Mahoney and Restak remind us that one of the greatest protections against the harmful effects of stress is a strong social support system. These authors suggest that people with supportive friends and family members are less likely to rely on alcohol, tobacco or drugs. They also encourage lowering stress by letting go of things beyond our control, taking frequent movement breaks, volunteering for others, practicing focused breathing and eating a healthy diet.

Cardiovascular exercise is a key factor in effectively managing stress. It stimulates brain-derived neurotrophic factor (BDNF), a protein that helps brain cells multiply and function effectively. At least 30 minutes of cardiovascular exercise in the training heart rate zone can improve mood, elevate our stress threshold, speed delivery of oxygen to the brain, and help to balance brain chemicals and hormones for more effective stress management. Regular exercise also helps the body sleep better, which aids in dealing with little and big stressors. Falling asleep is easiest when the body and mind are relaxed and more difficult when the body is alert and tense.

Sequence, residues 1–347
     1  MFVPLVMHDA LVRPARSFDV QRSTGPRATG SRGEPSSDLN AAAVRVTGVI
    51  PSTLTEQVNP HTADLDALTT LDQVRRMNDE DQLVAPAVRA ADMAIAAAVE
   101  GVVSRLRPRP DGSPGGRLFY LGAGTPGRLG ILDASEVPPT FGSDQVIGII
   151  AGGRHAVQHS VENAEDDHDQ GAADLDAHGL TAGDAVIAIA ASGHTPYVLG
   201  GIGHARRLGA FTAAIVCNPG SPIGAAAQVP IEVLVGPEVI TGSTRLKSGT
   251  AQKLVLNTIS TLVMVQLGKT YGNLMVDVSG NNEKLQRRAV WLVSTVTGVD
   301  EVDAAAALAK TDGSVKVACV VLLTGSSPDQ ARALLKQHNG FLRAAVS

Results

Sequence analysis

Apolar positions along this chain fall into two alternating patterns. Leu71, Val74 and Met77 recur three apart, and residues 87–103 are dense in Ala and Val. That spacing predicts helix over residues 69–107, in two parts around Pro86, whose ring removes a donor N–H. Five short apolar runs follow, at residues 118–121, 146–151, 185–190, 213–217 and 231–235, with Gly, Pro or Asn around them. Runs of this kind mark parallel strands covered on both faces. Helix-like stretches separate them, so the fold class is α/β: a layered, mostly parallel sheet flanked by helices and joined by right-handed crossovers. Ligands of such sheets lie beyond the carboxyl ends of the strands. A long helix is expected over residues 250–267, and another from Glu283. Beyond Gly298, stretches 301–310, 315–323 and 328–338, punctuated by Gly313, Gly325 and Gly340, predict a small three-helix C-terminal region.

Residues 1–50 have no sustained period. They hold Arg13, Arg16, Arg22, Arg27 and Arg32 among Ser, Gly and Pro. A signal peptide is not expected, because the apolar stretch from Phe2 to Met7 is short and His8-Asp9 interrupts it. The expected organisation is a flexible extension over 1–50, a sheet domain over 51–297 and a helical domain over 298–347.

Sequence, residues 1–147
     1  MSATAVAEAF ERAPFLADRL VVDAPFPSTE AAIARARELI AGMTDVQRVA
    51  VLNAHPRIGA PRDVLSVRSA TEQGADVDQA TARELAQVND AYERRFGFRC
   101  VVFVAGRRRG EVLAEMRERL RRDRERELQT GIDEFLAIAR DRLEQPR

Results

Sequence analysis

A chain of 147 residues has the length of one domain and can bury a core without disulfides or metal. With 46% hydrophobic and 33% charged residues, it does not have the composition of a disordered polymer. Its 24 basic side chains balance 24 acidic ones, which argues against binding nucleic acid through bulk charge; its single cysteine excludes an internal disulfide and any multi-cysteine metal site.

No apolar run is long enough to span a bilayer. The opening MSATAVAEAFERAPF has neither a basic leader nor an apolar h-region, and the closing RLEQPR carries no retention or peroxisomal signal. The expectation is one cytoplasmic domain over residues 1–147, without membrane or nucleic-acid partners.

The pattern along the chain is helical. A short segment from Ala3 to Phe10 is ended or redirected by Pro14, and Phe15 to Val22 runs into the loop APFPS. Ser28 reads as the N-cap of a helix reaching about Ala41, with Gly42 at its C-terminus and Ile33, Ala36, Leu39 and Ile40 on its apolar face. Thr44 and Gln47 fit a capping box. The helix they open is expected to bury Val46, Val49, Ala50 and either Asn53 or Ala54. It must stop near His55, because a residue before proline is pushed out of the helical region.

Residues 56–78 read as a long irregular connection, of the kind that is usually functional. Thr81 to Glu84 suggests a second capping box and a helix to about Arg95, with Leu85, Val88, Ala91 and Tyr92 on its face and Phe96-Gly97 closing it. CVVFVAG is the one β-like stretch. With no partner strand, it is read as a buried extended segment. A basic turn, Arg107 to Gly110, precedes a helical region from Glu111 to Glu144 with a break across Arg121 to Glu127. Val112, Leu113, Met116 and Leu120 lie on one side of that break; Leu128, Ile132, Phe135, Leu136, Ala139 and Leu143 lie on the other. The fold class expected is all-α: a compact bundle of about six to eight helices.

One thought on “Medical Research and the Practice of Mindfulness

  1. I find this information very useful and user friendly. It helps regular mindfulness practitioners and meditators understand what is going on within themselves and how useful their practice is. Thanks so much.